Twitter woes deepen as user base fails to grow
Twitter's woes deepened Wednesday as the struggling messaging platform said it failed to add users in the past quarter, adding to concerns it is lagging in the fast-moving world of social networks.
The San Francisco group said its base of monthly active users was 320 million at the end of last year, unchanged from the previous quarter.
And excluding those who follow Twitter using text messaging, the user base declined slightly to 305 million from 307 million in the previous quarter.
Twitter, which has never earned a profit, said its loss in the past quarter narrowed to $90.2 million from $125 million a year earlier, but the market was focused more on its user growth.
Twitter shares dropped more than 3 percent in after-market trades that followed release of the report, extending a steep decline that has eroded some 75 percent of its value from peak levels.
The latest report showed revenue climbed 48 percent to $710 million in the quarter when compared to the same period a year earlier.
Twitter revenue for the full year was up 58 percent to $2.2 billion.
Twitter has been under pressure to prove it can expand beyond its fierce following to be a mainstream society hit.
But its outlook for the current quarter failed to allay concerns, with revenue growth below most forecasts.
The company projected revenue of $595 million to $629 million, below most forecasts of $629 million.
A letter to shareholders said 2015 was a "very strong year," citing "significant progress" boosting advertising.
The letter said the reorganization, which brought a new leadership team led by co-founder Jack Dorsey, was poised "to move with greater agility and focus" as Twitter seeks to revive its fortunes.
Tweaking the timeline
Twitter announced earlier Wednesday it was revamping its timeline, allowing the "best" tweets to rise to the top, despite warnings of a revolt from members loyal to the real-time flow of the messaging platform.
The latest tweak was aimed at injecting new life into the one-to-many messaging service by moving away from a pure chronological timeline to one determined by algorithm, as used by social network leader Facebook.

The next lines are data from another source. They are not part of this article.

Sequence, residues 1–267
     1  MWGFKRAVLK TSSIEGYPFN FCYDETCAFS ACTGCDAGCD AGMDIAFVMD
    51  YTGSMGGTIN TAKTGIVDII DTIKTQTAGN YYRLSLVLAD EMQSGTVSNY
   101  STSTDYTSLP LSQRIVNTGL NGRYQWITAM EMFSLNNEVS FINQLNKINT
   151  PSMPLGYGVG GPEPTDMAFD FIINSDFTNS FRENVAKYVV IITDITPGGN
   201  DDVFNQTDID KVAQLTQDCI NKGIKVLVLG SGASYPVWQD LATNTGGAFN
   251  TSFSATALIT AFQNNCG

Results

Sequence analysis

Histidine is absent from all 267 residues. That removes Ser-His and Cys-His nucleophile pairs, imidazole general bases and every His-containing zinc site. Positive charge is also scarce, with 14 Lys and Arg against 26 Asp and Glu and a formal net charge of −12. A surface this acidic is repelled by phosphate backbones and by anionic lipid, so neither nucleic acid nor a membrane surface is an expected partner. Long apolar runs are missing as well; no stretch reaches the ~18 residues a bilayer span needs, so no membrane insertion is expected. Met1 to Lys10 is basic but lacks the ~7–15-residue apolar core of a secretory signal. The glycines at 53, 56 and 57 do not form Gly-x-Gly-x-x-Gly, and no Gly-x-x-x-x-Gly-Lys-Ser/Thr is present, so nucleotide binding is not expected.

Twitter said the "Show me the best tweets first" feature is optional and that users can stick with tweets rushing by like leaves on a fast-moving river, if they prefer.
The algorithm was built on a "while you were away" feature that Twitter introduced about a year ago to show people notable posts they missed while not using the service.
"We have applied a lot of the same algorithms to it," Dorsey said while discussing the new feature on an earnings call.
"This gives the tweeter a super power, because they don't have to tweet multiple times to get their message across."
The new feature is being introduced as Twitter strives to expand its ranks of users and ramp up the amount of time people spend at the service.
But reports of the timeline shift have already prompted protests from some users who say it may lead to the death of the platform, tweeting with the hashtag #RIPTwitter.
Dorsey said that Twitter use "bounced back" in January and that the company was confident it could keep the trend going.
Twitter was expecting spikes in use focused on major events such as the Olympics and the US presidential election, and intent on getting new users to stick with the service.
Eyes on live video
Twitter's leadership team gathered last month and mapped out a plan for this year.
"We're focused now on what Twitter does best: live," Dorsey said.
"Twitter has always been considered a second screen for what's happening in the world, and we believe we can become the first screen for everything that's happening now."
Twitter priorities for this year include making it more intuitive to use the service; being a leader in live-streaming video, and making it safer for people to freely express themselves at the platform, according to Dorsey.
He assured analysts that he had a system in place to make sure that both companies he runs, Twitter and mobile payments firm Square, get the attention they deserve.
Dorsey declined to detail what other tweaks might be in store for the service, but said there are a "number of broken windows" that needed to be fixed to boost user growth.
Earlier this month, one report said venture capital powerhouse Marc Andreessen and the firm Silver Lake Partners is considering a deal, perhaps to acquire or take a controlling stake in Twitter.
Twitter has been the target of takeover talk in the past, but none of the rumors played out. The latest report came fresh on the heels of the firm announcing it is overhauling its top management in a major shakeup.